Bonuses paid by the government to retain Tasmanian registered nurses in the aged care sector is recognition of the poor wages they are paid, the state's nurses union says.
Under a new federal government scheme, nurses who work for the same aged care provider full-time for at least 12 months are eligible for a $3700 bonus payment.
Part-time nurses can receive a $2700 payment.
Some nurses may be eligible for another $2300 payment if they work in a rural or remote area, hold a postgraduate qualification, or take on additional leadership or training responsibilities in their workplace.
Aged Care Services Minister Richard Colbeck said the payments were an acknowledgement of the extraordinary work performed by nurses in a challenging environment.
But Australian Nursing and Midwifery Federation state secretary Emily Shepherd said the payments also recognised industry wages were not high enough to retain staff.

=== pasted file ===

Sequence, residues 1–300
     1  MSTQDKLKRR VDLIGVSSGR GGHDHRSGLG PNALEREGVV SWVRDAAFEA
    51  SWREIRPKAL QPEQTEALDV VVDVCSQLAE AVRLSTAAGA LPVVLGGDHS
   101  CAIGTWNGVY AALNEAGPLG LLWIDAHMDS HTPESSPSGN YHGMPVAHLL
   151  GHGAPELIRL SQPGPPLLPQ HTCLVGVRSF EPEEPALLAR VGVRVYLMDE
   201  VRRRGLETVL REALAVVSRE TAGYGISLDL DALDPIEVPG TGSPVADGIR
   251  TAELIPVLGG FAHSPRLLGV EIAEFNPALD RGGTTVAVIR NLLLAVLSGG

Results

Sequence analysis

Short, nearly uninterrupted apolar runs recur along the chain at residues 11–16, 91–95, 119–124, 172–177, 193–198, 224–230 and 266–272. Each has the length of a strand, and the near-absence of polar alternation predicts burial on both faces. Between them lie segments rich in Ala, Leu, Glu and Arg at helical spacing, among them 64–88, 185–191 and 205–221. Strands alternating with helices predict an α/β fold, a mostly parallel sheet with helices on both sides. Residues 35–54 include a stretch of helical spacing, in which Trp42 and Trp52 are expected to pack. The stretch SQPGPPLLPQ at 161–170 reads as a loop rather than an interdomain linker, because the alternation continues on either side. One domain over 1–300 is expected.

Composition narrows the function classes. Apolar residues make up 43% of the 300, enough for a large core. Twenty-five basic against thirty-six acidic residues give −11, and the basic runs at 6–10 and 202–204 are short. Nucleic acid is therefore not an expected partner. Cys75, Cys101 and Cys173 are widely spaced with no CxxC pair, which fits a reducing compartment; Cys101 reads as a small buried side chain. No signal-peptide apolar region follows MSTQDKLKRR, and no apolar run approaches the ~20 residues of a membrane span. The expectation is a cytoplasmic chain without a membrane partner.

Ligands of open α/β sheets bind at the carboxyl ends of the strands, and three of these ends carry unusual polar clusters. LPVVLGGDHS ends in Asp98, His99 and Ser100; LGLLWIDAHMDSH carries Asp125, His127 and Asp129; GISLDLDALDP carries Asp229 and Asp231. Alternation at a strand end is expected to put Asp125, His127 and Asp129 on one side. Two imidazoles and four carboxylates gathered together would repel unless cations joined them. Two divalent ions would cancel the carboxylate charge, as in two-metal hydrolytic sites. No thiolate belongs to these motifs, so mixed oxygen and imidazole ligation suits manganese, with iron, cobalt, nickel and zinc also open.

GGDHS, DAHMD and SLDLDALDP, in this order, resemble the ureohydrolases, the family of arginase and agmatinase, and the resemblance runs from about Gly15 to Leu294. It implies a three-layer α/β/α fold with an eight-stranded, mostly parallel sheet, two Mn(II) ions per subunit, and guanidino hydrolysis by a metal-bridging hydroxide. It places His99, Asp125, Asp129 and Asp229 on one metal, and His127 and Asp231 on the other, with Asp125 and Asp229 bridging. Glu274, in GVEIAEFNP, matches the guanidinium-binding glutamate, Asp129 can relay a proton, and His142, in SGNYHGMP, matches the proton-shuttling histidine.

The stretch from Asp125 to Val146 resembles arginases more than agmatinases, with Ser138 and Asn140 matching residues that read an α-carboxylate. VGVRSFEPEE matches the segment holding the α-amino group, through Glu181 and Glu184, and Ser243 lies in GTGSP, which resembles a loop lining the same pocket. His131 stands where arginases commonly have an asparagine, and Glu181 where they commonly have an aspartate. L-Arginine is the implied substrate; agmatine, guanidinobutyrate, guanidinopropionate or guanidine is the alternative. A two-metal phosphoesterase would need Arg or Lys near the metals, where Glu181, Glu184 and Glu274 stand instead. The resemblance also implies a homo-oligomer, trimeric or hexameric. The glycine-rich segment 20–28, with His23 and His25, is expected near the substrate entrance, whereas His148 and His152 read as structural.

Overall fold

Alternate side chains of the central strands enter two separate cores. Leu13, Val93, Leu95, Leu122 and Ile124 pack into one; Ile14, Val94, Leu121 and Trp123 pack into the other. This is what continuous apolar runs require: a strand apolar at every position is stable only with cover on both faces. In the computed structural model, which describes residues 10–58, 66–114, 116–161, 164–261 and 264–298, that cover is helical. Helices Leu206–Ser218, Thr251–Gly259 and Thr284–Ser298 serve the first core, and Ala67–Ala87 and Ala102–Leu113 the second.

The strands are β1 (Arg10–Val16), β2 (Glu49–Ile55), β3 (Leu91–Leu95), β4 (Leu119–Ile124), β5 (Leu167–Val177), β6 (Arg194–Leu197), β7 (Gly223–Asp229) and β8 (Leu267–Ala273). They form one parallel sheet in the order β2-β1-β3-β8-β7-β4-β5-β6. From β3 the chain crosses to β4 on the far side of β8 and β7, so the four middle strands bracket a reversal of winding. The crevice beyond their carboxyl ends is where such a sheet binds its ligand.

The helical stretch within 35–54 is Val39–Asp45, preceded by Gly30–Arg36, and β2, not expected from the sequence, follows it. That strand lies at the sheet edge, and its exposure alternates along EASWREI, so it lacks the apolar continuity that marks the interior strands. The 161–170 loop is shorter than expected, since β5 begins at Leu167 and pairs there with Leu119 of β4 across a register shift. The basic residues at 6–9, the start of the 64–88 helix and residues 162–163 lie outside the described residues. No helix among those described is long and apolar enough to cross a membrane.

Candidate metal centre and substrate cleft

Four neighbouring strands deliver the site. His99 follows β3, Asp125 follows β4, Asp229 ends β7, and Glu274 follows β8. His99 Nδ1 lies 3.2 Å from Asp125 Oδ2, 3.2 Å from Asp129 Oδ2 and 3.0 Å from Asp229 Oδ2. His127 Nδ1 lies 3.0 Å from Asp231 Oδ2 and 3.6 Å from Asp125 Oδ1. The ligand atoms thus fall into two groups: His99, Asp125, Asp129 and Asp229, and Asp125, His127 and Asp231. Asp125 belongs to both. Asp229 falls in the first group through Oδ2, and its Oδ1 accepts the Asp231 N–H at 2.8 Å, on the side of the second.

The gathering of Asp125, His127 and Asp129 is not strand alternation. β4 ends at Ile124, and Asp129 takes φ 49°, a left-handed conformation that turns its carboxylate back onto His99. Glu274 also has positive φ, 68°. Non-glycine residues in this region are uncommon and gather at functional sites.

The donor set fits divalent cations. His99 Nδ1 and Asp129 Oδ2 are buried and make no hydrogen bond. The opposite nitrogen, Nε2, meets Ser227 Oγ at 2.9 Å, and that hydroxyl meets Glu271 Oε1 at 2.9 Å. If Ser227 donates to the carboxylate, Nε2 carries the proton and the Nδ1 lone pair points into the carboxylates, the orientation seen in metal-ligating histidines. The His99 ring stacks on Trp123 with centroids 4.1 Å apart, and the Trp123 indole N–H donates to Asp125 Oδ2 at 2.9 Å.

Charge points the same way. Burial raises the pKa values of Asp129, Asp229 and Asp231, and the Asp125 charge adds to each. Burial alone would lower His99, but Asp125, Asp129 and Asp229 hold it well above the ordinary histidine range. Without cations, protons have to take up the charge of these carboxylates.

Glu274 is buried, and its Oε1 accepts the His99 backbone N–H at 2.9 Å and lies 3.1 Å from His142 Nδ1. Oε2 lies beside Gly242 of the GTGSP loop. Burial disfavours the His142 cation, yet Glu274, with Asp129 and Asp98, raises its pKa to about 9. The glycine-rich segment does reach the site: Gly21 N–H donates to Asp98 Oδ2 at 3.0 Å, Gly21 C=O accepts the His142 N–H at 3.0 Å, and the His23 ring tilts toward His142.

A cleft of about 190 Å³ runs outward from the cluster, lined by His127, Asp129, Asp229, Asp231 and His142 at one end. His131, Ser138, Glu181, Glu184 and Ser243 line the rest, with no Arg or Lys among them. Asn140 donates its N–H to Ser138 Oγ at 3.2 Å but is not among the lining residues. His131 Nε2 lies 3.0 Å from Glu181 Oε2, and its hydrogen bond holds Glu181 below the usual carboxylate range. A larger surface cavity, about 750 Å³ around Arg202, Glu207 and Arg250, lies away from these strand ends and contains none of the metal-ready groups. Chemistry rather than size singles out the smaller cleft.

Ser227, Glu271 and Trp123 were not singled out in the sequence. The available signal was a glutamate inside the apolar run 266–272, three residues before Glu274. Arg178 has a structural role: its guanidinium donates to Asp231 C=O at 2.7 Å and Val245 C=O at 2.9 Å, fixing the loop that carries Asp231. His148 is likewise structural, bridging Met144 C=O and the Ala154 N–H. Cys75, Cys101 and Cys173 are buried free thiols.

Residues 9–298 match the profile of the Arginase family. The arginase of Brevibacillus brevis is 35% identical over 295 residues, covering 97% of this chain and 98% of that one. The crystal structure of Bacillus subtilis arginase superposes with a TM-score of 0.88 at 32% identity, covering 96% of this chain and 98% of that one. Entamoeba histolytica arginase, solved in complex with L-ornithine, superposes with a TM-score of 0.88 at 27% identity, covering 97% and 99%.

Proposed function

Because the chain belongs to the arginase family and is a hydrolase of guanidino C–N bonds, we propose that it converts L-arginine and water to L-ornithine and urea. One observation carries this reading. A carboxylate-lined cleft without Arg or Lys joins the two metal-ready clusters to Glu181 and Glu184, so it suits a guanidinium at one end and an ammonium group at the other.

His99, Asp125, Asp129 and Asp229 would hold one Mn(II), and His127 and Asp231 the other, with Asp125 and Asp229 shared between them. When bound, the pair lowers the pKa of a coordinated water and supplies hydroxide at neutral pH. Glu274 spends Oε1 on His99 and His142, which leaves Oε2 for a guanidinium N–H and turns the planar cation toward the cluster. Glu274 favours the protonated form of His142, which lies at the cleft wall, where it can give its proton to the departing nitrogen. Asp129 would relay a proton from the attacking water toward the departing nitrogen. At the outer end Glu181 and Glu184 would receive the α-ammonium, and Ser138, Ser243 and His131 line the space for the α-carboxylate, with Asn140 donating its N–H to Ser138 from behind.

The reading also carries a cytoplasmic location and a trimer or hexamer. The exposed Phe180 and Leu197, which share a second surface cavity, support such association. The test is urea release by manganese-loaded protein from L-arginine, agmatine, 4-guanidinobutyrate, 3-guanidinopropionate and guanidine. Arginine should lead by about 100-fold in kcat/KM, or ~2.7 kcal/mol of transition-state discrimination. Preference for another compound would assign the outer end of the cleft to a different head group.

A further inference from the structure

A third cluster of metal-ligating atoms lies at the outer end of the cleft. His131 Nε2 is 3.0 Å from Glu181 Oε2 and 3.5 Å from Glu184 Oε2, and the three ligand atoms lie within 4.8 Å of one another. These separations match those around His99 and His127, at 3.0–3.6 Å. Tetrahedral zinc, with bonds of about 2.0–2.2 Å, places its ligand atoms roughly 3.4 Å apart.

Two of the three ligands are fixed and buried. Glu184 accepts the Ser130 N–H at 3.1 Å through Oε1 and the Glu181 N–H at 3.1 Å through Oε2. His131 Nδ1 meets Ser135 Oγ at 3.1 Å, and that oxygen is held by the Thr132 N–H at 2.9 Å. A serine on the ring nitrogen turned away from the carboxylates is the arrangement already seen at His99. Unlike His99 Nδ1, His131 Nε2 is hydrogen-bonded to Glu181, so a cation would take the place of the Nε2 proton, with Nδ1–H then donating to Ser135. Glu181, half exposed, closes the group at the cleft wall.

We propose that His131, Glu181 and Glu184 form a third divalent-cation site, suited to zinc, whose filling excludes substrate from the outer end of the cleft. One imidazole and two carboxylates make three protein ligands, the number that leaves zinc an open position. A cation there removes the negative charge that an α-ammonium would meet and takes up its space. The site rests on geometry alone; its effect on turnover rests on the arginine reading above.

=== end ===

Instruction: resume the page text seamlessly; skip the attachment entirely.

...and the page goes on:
"The ANMF welcomes this initiative from government to implement retention bonuses for nurses working in the aged care industry," she said.
"But this initiative only goes to highlight the gross under remuneration of nurses working within the aged care industry."
Ms Shepherd said the government should request the Fair Work Commission to start a process to change the aged care award to make sure workers were paid wages that would ensure ongoing retention.
'By implementing this bonus, the government has recognised that wages in the industry are not sufficient to retain qualified staff to ensure safe quality care is delivered to the elderly in residential aged care," she said.
What do you think? Send us a letter to the editor:
Sign up for our newsletter to stay up to date.